“Since most of the innovations happen far away in the US, Japan, or in Europe, which are the hubs of medical innovation, small companies would not initially come to our parts of the world,” Akram Bouchenaki told Arab News in an exclusive interview.

“However we, at Abdul Latif Jameel Health, are giving them a chance to very quickly broaden their footprint and immediately become a global organization with the benefit of having us as that one-stop shop organization that takes care of everything for them.”

He added: “We take the product, we register it with the local regulatory authorities, we do all the promotion, medical education to physicians and we also take care of pharmacovigilance and all the regulatory requirements. That’s really the model where we’re building with several companies.”

Innovative products

Illustrating his point of bringing innovative healthcare products to the market, Bouchenaki cites the example of a new handheld, ultrasound device from a company called Butterfly that they have introduced to the market.

It is the world’s only single probe, whole-body handheld ultrasound solution that connects to a cellphone, iPhone or Android, and then gives access to ultrasound imaging to users anytime, anywhere, and at a very affordable cost.

Healthcare providers can collect advanced imaging, perform rapid assessments, and guide critical procedures no matter where they are, and share those images seamlessly with doctors across the globe to help with reading and interpreting scans.

Fusing semiconductors, artificial intelligence, and cloud technology, the product is designed to dramatically expand the capabilities of practitioners working within and outside of hospitals in developed, underdeveloped, and remote areas. 

The company has plans to steadily grow its presence in the Kingdom, the region’s largest healthcare market. (Shutterstock)

“This is a revolutionary type of device that we introduced in India and in several markets in the Middle East including Saudi Arabia, the UAE, Qatar, Kuwait, Oman, and Turkiye and now we are expanding to Egypt, Morocco, and other markets. It will transform the way people are diagnosed,” he said.

Bouchenaki added: “It is our mission to collaborate with sector disruptors, who question how healthcare services have always been delivered, and how billions of people in underserved communities can be served better.”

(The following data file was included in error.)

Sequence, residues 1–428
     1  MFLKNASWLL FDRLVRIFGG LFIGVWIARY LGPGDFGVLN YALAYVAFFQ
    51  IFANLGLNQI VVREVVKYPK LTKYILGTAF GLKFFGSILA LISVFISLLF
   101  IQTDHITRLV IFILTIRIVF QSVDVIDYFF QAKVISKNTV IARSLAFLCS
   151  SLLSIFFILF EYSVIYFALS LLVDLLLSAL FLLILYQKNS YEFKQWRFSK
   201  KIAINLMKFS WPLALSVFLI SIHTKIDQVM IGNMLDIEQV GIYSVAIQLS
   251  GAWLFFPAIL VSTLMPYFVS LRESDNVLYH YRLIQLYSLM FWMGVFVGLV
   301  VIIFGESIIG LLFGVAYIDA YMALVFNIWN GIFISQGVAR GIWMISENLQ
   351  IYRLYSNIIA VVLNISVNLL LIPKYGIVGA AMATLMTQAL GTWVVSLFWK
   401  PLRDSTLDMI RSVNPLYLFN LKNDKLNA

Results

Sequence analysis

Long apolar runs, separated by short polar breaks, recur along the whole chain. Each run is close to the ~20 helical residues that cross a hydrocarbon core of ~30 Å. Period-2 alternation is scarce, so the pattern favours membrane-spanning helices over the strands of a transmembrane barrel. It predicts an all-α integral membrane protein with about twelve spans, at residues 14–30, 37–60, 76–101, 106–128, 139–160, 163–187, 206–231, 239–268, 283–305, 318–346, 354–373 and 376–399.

He then went on to give another example of a product that his company is getting ready to introduce with EQRx, a new type of pharmaceutical company based in Boston. “EQRx has developed innovative technologies and treatments at a fraction of the cost of what current cancer therapies cost,” Bouchenaki revealed. “Their approach is really to make innovation in oncology highly affordable.”

Abdul Latif Jameel Health has entered into a strategic collaboration with EQRx for the commercialization of two affordable novel lung cancer therapeutics to people across the Middle East, Africa and Turkiye.

These therapies will offer treatment to patients with advanced non-small cell lung cancer at a fraction of the cost of existing and traditional approaches.

“This agreement comes as we forge ahead in our mission to source, collaborate with, and fund innovators within the medical world that are re-examining how to improve the current healthcare landscape by disrupting existing methods,” said Bouchenaki.

Care medicine

Abdul Latif Jameel Health is keen on the development of care medicine, whereby the company is taking care to the patient as opposed to having a patient come to the hospital or the clinic.

“These interventions can have a high impact in large countries where there are remote locations,” Bouchenaki said.

He went on to cite the example of a device from a Japanese company called Melody International that will help in the maternal-fetal area to illustrate his point. 

We’re looking at growth in terms of technology because we are really building this company as a digitally enabled company from the beginning.

Akram Bouchenaki, Abdul Latif Jameel Health CEO

“We are going to introduce this device that would be able to monitor fetus health in utero while they are in the mother’s belly and the mother’s uterine health remotely,” he said. The cloud-based mobile wireless fetal monitor platform will soon be introduced across selected markets in Asia, the Middle East, and Africa.

It is a convenient, smart, and highly portable remote mobile fetal monitoring device to assist in problematic or high-risk situations, enabling safer and more secure births for mothers.

Their integrated platform comprises a fetal heart monitor; a uterine contraction monitor; and a smart tablet device to see data in real time and connect to the internet.

Its effectiveness has been proven in a variety of clinical cases, including as a partial alternative to periodic medical checkups for pregnant women living in remote or isolated areas.

Key markets

Talking about Saudi Arabia, Bouchenaki said that it was critical for Abdul Latif Jameel Health to have a strong presence in the Kingdom as it is the largest healthcare market in the region by far.

“We have a team that is established in Saudi Arabia and we have an initial portfolio of products that we have brought to the Kingdom that we have registered and we’re getting ready to launch,” he explained.

He added: “We also have Japanese innovations that are already in the market like one for heart valve repair and another for post-stroke or post-trauma rehabilitation.”

Since Saudi Arabia is a key market for Abdul Latif Jameel Health, the company has plans to steadily grow its presence in the Kingdom.

Egypt, Bouchenaki said, is another very important market. “Like Saudi Arabia and Turkiye, we are also focusing on Egypt as we are looking at expanding in countries that have taken a very deliberate and proactive approach to the handling of public health issues,” he said.